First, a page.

inflation

In some of my more gamesome moments I have challenged my students to produce an article about the equity risk premium, which made a useful contribution to our understanding of the way financial markets work. So far the challenge has not been met. This may reflect the modesty and good manners of those I teach but also, I hope and believe, the fact they are too sensible to wish to defend the way this often ill-defined and generally useless concept has been habitually discussed. In practice, comments on the ERP seem to me to have been a source of confusion and error rather than illumination.

The ERP can be defined in at least two ways. One is the historic difference between the returns on bonds and equities and another is the expected difference in these returns. Alternatively, the “risk-free rate” can be used in place of bonds. Read more

The Chinese government decided some years ago to keep its exchange rate undervalued by buying foreign currency and building up its foreign exchange reserves. The result has been dramatic. Reserves have risen by $3tn over the past seven years. This has occurred despite a strong rise in the exchange rate, as I show in chart one.

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Comments are flying around about whether inflation or deflation is the greater risk. This is almost invariably interpreted as asking which is the most likely and therefore misses the central point. Inflation is a much greater risk – not because it is more likely but because its consequences are far worse.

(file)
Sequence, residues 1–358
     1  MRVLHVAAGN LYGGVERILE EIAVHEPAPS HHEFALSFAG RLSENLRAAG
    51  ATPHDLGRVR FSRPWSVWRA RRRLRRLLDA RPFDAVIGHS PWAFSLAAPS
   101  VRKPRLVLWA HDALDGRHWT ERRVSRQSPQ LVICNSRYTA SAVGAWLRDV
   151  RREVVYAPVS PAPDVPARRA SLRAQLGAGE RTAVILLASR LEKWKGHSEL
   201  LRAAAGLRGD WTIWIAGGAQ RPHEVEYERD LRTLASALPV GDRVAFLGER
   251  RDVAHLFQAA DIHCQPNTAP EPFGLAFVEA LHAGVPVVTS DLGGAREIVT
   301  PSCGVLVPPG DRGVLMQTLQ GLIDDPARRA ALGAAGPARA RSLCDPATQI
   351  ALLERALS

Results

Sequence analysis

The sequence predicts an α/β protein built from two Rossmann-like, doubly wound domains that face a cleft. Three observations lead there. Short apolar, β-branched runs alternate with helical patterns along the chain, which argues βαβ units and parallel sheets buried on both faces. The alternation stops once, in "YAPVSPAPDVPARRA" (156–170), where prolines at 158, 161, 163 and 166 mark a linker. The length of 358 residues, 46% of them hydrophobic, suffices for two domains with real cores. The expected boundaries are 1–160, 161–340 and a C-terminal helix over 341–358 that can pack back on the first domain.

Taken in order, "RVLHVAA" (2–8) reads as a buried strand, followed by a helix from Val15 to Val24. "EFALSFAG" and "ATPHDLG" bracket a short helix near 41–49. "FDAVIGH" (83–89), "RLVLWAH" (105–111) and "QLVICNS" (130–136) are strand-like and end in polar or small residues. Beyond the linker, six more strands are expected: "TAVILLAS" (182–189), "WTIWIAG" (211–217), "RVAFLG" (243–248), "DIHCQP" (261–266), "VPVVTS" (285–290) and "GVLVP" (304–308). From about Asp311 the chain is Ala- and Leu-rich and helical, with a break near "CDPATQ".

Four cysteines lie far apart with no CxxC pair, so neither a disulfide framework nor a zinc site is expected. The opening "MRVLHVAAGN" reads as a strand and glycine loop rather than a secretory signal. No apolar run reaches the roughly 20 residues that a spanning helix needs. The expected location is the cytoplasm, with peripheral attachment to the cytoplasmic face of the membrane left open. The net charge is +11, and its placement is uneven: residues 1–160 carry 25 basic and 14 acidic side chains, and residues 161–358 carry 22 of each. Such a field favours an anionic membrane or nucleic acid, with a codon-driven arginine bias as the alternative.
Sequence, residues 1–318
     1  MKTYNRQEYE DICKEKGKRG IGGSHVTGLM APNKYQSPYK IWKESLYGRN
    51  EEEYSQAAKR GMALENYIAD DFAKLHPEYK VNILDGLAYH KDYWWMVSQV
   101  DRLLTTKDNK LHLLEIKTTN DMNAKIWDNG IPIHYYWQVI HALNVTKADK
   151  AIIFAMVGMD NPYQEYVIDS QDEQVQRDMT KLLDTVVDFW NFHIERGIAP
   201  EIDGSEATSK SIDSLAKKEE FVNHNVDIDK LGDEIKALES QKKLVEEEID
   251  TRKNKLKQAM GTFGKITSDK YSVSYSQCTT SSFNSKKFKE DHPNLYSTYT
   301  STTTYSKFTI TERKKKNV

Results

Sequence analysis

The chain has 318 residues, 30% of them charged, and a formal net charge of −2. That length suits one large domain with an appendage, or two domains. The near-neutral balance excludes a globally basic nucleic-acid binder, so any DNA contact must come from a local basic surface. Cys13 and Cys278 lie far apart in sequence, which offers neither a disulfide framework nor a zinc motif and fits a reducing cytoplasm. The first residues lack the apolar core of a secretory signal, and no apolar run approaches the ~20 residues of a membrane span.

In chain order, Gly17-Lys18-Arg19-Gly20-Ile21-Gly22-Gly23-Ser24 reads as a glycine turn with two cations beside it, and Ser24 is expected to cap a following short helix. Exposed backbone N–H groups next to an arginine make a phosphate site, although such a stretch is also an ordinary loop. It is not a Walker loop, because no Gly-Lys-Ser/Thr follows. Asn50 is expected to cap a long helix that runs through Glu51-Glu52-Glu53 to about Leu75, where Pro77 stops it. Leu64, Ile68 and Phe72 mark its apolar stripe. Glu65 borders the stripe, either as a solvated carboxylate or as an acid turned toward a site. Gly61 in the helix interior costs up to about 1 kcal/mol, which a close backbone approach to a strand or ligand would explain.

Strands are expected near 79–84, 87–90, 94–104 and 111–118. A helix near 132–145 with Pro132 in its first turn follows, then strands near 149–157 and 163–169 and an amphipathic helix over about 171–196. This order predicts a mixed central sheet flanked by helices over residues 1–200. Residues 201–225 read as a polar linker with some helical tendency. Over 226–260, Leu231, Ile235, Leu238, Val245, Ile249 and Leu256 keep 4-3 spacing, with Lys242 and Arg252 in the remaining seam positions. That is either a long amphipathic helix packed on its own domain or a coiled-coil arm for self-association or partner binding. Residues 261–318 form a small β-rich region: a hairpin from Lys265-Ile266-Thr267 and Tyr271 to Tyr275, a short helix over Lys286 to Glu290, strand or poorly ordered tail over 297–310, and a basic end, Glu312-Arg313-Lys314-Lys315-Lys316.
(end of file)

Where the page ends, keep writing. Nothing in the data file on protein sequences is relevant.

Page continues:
Deflation has been demonised. It has been harmless or even beneficial in Japan. While I think it would hurt the eurozone, its impact would be mild and easily reversed – or it would be if German economic policy was not so obstinately foolish. Inflation poses a much more serious problem, particularly in Japan, the UK and the US. Read more

Deflation provides a good example of economists’ bad habits. They assume that people behave in the same way even if they live in different countries and that their behaviour does not change over time. They are sometimes right. But deflation and inflation show how misleading this tendency to generalise can be. Today deflation is a danger for the eurozone, but not for Japan.

Deflation can cause problems, but not always. As I pointed out in my previous blog, since its market crashed in 1990, Japan’s gross domestic product grew more when prices fell than when they rose. Read more